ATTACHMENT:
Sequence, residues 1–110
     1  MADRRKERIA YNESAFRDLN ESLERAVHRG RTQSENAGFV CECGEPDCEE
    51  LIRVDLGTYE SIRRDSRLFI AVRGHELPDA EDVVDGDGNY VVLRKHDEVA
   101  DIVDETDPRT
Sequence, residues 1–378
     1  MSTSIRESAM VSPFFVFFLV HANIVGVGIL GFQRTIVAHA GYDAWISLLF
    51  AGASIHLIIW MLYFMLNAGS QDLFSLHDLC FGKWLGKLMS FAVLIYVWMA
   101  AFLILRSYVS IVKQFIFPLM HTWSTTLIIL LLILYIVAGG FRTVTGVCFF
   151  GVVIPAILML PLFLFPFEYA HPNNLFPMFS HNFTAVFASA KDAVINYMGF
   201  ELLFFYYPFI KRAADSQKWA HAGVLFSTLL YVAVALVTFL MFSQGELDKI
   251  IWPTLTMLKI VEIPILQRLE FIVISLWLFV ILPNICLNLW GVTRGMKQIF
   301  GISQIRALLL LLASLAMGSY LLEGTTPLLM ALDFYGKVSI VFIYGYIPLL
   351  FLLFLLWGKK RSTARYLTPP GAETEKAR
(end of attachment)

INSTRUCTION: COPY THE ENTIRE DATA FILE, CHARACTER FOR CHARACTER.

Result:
Sequence, residues 1–110
     1  MADRRKERIA YNESAFRDLN ESLERAVHRG RTQSENAGFV CECGEPDCEE
    51  LIRVDLGTYE SIRRDSRLFI AVRGHELPDA EDVVDGDGNY VVLRKHDEVA
   101  DIVDETDPRT
Sequence, residues 1–378
     1  MSTSIRESAM VSPFFVFFLV HANIVGVGIL GFQRTIVAHA GYDAWISLLF
    51  AGASIHLIIW MLYFMLNAGS QDLFSLHDLC FGKWLGKLMS FAVLIYVWMA
   101  AFLILRSYVS IVKQFIFPLM HTWSTTLIIL LLILYIVAGG FRTVTGVCFF
   151  GVVIPAILML PLFLFPFEYA HPNNLFPMFS HNFTAVFASA KDAVINYMGF
   201  ELLFFYYPFI KRAADSQKWA HAGVLFSTLL YVAVALVTFL MFSQGELDKI
   251  IWPTLTMLKI VEIPILQRLE FIVISLWLFV ILPNICLNLW GVTRGMKQIF
   301  GISQIRALLL LLASLAMGSY LLEGTTPLLM ALDFYGKVSI VFIYGYIPLL
   351  FLLFLLWGKK RSTARYLTPP GAETEKAR